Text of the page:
Open Society Unresolved

edited by Liviu Matei, Christof Royer
Is the concept of open society still relevant in the 21st century? Do the current social, moral, and political realities call for a drastic revision of this concept? Here fifteen essays address real-world contemporary challenges to open society from a variety of perspectives. What unites the individual authors and chapters is an interest in open society's continuing usefulness and relevance to address current problems. And what...

suddenly we

Evie Shockley
Evie Shockley's new poems invite us to dream—and work—toward a more capacious "we" In her new poetry collection, Evie Shockley mobilizes visual art, sound, and multilayered language to chart routes towards openings for the collective dreaming of a more capacious "we." How do we navigate between the urgency of our own becoming and the imperative insight that whoever we are, we are in relation to each other? Beginning with the visionary art of Black women like Alison Saar and Alma Thomas, Shockley's poems draw and forge a...

The Sanctity of the Leaders

edited by Gábor Klaniczay
The latest title in the Central European Medieval Texts series contains the lives of saints who were canonized in the eleventh through thirteenth centuries in the newly Christianized countries of Central and Eastern Europe (Bohemia, Poland, Hungary, and Dalmatia). A rejoinder to the earlier volume in the series, the Saints of the Christianization Age of Central Europe (CEMT, Vol. 6), containing hermits,...

The Wild Hunt Divinations

Trevor Ketner
Shakespeare's 154 sonnets anagrammed into wildly new poems about queer desire and kink The Wild Hunt Divinations: A Grimoire is a stunning second collection from National Poetry Series winner, Trevor Ketner. Comprised of 154 sonnets, each anagrammed line-by-line from Shakespeare's sonnets, the book refracts these lines through the thematic lens of transness, queer desire, kink, and British paganism. The sonnets come together to form a grimoire that casts a trancelike and intense spell on the reader.

Waiting for Wovoka

Gerald Vizenor
Native puppeteers from the White Earth Reservation travel to the 1962 World's Fair In the summer of 1962, a group of young Native American puppeteers travel in a converted school bus from the White Earth Reservation to the Century 21 Exposition, World's Fair in Seattle, Washington. The five Natives, three young men and two young women, have endured abandonment, abuse, poverty, and find solace, humor, and courage with a mute puppeteer—a Native woman in her seventies who writes...

Engaging Appalachia

edited by Rebecca Adkins Fletcher, Rebecca-Eli Long, William Schumann
Inclusive campus-community collaborations provide critical opportunities to build community capacity—defined as a community's ability to jointly respond to challenges and opportunities—and sustainability. Through case studies from across all three subregions of Appalachia from Georgia to Pennsylvania, Engaging Appalachia: A Guidebook for Building Capacity and Sustainability offers diverse perspectives...

Even As We Breathe

Annette Saunooke Clapsaddle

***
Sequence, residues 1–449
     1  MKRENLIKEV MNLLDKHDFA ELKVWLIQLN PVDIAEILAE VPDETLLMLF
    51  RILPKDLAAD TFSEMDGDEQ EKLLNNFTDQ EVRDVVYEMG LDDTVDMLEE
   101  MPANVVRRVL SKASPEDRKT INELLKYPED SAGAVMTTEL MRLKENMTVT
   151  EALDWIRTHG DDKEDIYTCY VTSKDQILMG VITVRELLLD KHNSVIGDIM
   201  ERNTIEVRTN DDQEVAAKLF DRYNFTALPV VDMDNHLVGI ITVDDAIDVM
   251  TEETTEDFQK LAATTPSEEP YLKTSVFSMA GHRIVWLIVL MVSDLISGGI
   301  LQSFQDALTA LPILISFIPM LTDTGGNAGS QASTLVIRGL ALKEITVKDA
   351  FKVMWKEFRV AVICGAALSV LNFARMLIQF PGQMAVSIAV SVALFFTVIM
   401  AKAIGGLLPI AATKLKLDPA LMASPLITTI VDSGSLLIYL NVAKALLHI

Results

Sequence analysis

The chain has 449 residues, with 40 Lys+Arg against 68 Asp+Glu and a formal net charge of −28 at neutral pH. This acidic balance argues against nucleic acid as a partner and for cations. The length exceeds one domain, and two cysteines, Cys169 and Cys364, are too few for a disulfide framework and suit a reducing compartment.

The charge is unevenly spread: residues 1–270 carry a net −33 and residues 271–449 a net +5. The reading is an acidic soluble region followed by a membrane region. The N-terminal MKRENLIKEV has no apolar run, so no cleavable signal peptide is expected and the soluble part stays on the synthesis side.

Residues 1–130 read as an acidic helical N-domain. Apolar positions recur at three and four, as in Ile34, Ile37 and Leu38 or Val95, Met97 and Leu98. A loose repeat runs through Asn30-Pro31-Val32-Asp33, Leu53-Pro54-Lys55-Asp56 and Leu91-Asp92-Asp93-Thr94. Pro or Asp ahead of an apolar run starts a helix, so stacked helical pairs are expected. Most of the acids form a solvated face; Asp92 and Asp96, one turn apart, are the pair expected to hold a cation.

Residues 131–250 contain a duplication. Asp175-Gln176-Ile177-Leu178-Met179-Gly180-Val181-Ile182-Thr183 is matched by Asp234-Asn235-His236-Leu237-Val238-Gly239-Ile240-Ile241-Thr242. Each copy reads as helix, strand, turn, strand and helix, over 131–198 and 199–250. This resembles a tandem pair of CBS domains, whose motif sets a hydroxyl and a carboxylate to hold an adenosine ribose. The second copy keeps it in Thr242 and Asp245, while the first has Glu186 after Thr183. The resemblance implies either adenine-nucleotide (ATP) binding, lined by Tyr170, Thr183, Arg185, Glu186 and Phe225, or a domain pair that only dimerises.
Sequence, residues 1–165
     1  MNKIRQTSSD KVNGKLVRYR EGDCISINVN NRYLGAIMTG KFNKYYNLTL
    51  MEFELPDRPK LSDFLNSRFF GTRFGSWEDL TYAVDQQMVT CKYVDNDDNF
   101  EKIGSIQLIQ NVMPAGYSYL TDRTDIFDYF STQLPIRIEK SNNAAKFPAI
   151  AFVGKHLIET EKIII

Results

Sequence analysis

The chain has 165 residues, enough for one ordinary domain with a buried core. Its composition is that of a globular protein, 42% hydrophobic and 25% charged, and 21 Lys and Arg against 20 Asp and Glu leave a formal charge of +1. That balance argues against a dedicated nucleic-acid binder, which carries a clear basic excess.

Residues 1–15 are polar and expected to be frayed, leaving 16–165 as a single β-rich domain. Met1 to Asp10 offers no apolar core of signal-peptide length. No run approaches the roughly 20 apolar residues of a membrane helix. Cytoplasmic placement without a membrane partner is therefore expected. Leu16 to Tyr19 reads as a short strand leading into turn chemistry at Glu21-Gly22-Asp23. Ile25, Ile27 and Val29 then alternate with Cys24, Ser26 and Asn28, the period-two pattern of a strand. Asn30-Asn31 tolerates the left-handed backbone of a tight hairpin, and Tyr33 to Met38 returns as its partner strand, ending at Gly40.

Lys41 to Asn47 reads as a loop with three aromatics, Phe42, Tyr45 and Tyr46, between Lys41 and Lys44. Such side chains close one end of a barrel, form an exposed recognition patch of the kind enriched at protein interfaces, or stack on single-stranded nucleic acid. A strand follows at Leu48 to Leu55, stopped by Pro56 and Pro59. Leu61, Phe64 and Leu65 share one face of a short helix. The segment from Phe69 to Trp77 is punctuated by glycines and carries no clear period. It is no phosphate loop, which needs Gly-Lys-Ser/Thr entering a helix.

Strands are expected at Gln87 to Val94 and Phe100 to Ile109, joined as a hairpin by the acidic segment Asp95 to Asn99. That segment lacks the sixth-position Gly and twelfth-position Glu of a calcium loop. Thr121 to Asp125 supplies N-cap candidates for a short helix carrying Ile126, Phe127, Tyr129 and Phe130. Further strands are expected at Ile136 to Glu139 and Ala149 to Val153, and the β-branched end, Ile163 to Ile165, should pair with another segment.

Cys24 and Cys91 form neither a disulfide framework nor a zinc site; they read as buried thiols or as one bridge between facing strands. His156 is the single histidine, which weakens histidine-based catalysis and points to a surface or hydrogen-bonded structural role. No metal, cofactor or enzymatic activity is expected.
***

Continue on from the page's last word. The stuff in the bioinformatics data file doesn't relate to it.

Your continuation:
Nineteen-year-old Cowney Sequoyah yearns to escape his hometown of Cherokee, North Carolina, in the heart of the Smoky Mountains. When a summer job at Asheville's luxurious Grove Park Inn and Resort brings him one step closer to escaping the hills that both cradle and suffocate him, he sees it as an opportunity. The experience introduces him to the beautiful and enigmatic Essie Stamper—a young Cherokee woman who is also working at the inn and dreaming of a better life. With World War II raging...

Making Bourbon

Karl Raitz
While other industries chase after the new and improved, bourbon makers celebrate traditions that hearken back to an authentic frontier craft. Distillers enshrine local history in their branding and time-tested recipes, and rightfully so. Kentucky's unique geography shaped the whiskeys its settlers produced, and for more than two centuries, distilling bourbon fundamentally altered every aspect of Kentucky's landscape and culture. Making Bourbon: A...

The Woman Who Dared

William M. Drew
In the early days of motion pictures—before superstars, before studio conglomerates, before even the advent of sound—there was a woman named Pearl White (1889–1938). A quintessential beauty of the time, with her perfectly tousled bob and come-hither stare, White's rise to stardom was swift; her assumption of the title of queen of American motion picture serials equally deserved. Born the youngest of five children in a small, rural Missouri farm town, White...

Drinking from Graveyard Wells

Yvette Lisa Ndlovu
"Even in death, who has ownership over Black women's bodies?" Questions like this lurk between the lines of this stunning collection of stories that engage with African women's histories, both personal and generational. Their history is not just one thing: there is heartbreak and pain, and joy, and flying and magic, so much magic. An avenging spirit takes on the patriarchy from beyond the grave. An immigrant woman undergoes a naturalization ceremony in an imagined American state that...

Everything Is Sampled

Akinwumi Adesokan
Everything Is Sampled examines the shifting modes of production and circulation of African artistic forms since the 1980s, focusing on digital culture as the most currently decisive setting for these changes. Drawing on works of cinema, literature, music, and visual art, Akin Adekan. addresses two main questions. First, given the various changes that the institutions producing African arts and letters have undergone in the past four decades, how...

Little Ohio

Jane Simon Ammeson